One of the most important areas of local translational regulation may be in the brain. The storage of long-term memory requires new protein synthesis, and the local translation of mRNAs in the dendrites of brain neurons has been proposed as a control point for increasing the strength of synaptic connections (Martin 2000; Klann et al. 2004; Wang and Tiedge 2004). The ability to increase the strength of the connections between neurons is critical in forming the original architecture of the brain and also in the ability to learn. Indeed, in recent studies of mice, Kelleher and colleagues (2004) have shown that neuronal activity-dependent memory storage depends on the activation of eIF4E and other components of protein synthesis.
Several mRNAs appear to be transported along the cytoskeleton to the dendrites of neurons (the “receiving portion” of the neuron, where synapse connections are formed with the other neurons). These messages include those mRNAs encoding receptors for neurotransmitters (needed to transmit the signals from one neuron to another); activity-regulated enzymes; and the cytoskeletal components needed to build a synapse. As we will see in later chapters of the textbook, one of the proteins responsible for constructing specific synapses is brain-derived neurotrophic factor, or BDNF. BDNF regulates neural activity and appears to be critical for new synapse formation. Takei and colleagues (2004) have shown that BDNF induces local translation of these neural messages in the dendrites.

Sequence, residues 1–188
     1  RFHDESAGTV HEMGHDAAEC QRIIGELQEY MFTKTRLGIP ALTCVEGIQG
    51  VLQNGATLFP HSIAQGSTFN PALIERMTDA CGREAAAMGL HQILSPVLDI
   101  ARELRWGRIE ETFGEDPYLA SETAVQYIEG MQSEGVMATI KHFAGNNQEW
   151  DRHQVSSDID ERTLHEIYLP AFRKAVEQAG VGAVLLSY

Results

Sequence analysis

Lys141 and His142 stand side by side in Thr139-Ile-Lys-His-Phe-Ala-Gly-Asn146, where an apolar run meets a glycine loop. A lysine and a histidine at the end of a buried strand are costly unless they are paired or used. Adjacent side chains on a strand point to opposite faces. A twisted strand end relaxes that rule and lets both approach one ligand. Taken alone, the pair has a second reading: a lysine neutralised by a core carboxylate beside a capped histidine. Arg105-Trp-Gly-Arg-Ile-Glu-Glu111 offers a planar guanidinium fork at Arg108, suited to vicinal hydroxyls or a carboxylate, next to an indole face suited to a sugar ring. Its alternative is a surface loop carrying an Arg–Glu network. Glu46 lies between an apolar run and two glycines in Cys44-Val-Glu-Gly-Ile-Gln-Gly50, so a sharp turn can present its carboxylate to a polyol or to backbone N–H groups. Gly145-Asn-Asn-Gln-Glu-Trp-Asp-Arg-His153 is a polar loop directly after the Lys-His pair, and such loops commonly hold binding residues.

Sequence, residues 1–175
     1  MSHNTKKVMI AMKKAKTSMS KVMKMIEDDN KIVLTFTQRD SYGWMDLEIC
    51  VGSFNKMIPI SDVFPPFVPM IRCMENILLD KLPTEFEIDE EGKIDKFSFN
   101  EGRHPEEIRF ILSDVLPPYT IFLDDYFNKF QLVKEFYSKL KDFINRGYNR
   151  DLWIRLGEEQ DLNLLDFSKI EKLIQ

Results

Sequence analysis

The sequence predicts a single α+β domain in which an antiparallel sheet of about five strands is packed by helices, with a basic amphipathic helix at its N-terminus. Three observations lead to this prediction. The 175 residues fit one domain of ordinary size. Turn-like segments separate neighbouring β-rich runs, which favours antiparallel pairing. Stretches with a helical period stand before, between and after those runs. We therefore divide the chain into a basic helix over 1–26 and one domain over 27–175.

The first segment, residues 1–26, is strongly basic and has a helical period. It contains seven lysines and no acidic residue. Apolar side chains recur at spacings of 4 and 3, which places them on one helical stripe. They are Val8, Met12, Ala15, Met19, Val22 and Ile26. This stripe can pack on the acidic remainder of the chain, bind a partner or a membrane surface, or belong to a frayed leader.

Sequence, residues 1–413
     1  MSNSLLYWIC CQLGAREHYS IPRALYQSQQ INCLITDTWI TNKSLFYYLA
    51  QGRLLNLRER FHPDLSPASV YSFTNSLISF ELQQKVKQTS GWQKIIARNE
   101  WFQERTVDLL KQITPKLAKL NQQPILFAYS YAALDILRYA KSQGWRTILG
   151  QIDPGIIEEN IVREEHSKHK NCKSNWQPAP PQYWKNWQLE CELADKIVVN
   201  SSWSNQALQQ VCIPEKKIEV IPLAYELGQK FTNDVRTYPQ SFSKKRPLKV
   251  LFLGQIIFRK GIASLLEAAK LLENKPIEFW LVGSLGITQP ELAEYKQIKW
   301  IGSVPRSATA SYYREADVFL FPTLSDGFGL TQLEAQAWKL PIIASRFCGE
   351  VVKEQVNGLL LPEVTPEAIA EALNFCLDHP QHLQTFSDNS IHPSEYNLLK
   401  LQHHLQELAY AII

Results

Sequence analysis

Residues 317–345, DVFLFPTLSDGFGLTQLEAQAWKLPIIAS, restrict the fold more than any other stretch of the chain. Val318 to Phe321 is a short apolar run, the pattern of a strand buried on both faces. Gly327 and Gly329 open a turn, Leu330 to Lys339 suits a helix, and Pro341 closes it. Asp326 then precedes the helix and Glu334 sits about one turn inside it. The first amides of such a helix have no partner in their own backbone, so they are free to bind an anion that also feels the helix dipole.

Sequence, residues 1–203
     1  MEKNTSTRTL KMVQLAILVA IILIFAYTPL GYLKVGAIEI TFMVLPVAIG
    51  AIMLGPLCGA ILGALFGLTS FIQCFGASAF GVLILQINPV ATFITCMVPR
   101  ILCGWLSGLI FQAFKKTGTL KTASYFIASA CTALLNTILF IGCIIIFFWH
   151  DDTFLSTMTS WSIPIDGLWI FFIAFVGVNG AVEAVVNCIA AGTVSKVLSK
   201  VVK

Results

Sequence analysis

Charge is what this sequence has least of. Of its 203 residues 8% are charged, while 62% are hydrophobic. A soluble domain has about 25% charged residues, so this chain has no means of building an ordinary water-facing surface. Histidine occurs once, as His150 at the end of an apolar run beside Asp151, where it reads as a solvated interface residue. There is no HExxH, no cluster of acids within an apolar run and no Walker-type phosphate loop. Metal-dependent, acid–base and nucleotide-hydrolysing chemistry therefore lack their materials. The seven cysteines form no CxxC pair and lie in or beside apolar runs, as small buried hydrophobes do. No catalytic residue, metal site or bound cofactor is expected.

Another indication of the importance of dendritic mRNA translation comes from studies of a leading cause of human mental retardation, fragile X syndrome. Fragile X syndrome is caused by loss-of-function mutations in the X-linked FMR1 gene. The FMR1 protein (FMRP) appears to prevent the translation of several mRNAs that are being transported to the dendrites along microtubules in response to stimulation by glutamic acid (Dictenberg et al. 2008; Wang et al. 2008b). In the absence of functional FMRP, these mRNAs are expressed in the wrong amounts, leading to signaling abnormalities that are believed to cause the problems in cognition and learning. Indeed, a subset of the mRNAs regulated by FMRP have been linked to autism and new synapse formation, and autism is often seen in patients with Fragile X syndrome (Darnell et al. 2011; Darnell and Richter 2013) Thus, translational regulation in neurons might be important not only for their initial development but also for their continued ability to learn and change.
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Takei, N., Inamura, N., Kawamura, M., Namba, H., Hara, K., Yonezawa, K., and Nawa, H. 2004. Brain-derived neurotrophic factor induces mammalian target of Rapamycin-dependent local activation of translation machinery and protein synthesis in neuronal dendrites. J. Neurosci. 24: 9760–9769.
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